The Jamaican prime minister, Andrew Holness, said that the crackdown was being undertaken with the support of the tourism industry.
The US State Department's Jamaica travel advisory was posted on January 10.
The Foreign Office has now told all Brit tourists to stay in their hotels, warning of "intensive law enforcement activities in response to recent violence including shooting incidents".
Jamaica Constabulary's force police commissioner, George Quallo, told the Jamaica Information Service 335 murders were recorded in St James Parish in 2017, nearly twice as many as the other parishes.
The tourists were urged to follow the local advice including restrictions in selected areas, and exercise particular care if travelling at night.
About 200,000 British tourists holiday in the Montego Bay area every year.
The St James Parish area - which includes Montego Bay - already boasts a murder rate twice as high as any other in Jamaica, with 335 recorded a year ago.
Mr Holness said members of the security forces would be equipped with "extraordinary powers" to deal with the situation.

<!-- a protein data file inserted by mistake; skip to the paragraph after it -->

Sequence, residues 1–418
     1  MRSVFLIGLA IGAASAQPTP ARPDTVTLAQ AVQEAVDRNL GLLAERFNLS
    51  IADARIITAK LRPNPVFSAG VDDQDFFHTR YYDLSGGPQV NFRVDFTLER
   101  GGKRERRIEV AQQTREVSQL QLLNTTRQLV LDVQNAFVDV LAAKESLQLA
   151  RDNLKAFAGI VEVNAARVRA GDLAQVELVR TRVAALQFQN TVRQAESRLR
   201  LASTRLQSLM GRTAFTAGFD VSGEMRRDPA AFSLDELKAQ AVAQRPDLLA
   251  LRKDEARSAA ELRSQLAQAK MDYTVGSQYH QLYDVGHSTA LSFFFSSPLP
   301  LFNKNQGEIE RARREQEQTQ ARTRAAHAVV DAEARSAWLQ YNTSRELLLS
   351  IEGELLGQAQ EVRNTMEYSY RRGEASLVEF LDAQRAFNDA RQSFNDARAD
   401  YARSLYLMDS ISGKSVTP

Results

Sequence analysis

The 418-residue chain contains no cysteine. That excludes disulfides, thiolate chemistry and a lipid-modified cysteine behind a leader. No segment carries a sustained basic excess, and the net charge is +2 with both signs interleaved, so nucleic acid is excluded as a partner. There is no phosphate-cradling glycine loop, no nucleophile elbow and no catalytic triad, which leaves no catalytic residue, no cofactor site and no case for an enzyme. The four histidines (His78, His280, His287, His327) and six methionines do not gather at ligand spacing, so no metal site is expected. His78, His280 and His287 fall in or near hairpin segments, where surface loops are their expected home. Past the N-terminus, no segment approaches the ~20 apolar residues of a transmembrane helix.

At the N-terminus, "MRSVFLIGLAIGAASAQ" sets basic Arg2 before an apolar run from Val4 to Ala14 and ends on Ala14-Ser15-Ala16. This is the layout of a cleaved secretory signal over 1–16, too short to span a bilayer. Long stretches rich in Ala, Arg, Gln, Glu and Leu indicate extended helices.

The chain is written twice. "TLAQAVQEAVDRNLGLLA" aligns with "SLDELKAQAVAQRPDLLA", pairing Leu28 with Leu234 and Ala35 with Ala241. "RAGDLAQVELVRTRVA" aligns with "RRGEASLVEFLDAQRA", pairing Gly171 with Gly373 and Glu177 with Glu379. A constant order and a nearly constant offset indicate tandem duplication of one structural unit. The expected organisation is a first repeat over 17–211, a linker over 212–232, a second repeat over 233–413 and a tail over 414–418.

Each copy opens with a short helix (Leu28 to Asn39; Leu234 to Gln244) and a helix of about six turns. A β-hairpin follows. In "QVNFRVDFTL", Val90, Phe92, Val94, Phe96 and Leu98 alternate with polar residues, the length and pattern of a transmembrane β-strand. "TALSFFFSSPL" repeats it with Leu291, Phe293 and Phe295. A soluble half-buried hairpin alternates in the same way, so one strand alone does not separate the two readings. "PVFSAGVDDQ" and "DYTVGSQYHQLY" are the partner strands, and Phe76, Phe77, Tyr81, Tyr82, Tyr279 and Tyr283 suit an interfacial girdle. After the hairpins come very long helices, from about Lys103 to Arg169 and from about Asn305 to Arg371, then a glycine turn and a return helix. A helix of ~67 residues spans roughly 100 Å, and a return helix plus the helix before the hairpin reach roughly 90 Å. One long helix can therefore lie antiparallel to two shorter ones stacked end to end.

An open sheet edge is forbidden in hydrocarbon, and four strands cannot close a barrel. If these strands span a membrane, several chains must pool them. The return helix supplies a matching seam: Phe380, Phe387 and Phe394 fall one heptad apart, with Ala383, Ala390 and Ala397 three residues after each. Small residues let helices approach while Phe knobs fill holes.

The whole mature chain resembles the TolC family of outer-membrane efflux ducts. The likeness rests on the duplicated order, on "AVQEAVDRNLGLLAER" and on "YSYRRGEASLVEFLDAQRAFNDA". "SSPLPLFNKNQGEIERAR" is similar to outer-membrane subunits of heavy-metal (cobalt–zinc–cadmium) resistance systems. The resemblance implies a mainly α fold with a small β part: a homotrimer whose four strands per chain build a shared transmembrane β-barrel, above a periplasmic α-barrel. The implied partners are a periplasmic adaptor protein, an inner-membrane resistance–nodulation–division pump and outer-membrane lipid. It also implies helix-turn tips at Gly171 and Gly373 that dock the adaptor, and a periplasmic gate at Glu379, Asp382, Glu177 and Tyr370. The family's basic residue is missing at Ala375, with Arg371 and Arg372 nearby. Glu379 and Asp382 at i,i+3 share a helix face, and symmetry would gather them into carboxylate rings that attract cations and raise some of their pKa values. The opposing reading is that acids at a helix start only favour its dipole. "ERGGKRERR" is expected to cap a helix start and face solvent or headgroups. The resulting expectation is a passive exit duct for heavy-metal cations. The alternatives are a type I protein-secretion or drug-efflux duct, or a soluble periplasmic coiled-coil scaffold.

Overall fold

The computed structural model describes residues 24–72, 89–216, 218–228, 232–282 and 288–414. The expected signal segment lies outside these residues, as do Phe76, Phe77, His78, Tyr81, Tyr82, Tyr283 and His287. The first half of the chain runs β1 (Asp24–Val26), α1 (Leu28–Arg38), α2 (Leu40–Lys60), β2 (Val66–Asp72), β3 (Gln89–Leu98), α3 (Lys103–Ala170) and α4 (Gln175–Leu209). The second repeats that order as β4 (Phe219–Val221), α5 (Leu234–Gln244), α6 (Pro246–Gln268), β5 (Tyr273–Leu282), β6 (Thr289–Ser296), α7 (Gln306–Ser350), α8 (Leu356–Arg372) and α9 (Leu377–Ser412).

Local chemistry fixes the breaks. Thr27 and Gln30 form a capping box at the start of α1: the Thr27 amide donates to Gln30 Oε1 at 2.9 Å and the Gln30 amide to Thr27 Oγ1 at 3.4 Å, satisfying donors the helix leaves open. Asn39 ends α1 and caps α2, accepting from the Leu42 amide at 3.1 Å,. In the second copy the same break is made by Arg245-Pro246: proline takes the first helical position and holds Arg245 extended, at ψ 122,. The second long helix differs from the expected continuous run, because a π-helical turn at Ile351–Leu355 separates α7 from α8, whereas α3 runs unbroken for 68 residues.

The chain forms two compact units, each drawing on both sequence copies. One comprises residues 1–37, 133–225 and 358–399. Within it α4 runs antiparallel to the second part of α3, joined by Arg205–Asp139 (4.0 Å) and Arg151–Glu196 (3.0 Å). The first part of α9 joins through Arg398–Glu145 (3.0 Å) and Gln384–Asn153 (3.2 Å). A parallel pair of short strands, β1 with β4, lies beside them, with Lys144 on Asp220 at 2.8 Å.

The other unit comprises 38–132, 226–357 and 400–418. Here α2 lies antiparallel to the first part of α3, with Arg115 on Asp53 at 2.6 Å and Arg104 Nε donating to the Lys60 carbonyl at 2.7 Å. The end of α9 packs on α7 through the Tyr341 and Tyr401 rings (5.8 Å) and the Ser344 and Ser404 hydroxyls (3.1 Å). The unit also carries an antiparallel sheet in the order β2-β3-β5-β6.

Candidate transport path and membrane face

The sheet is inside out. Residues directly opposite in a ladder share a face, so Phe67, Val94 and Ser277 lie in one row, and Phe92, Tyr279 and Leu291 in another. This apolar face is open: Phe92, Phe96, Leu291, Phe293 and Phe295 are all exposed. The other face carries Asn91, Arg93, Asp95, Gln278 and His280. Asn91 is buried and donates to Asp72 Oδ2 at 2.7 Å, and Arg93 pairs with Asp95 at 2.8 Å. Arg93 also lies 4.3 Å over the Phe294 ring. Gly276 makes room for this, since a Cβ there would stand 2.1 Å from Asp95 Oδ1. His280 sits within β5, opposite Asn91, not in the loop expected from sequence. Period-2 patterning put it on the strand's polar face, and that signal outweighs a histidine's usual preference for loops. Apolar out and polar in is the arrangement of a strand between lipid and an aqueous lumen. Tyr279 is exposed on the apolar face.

"The declaration of a State of Public Emergency does not mean the suspension of the rule of law".
"Now is the time, if you know where the guns are, please tell us; if you know where the criminals are, please tell us", he said. Rocky Meade, also appealed for support for the security forces. "The troops have been refreshed in their training of human rights and how to engage with citizens".
A state of emergency has been declared in Jamaica following a rise in murder and violent crime.
All persons driving in and out of the parish will be subject to a vehicle and personal search, the statement added.
In the most recent incident, a auto carrying three men and a child was sprayed with bullets in a drive-by shooting just yards from Sangster International Airport on Tuesday.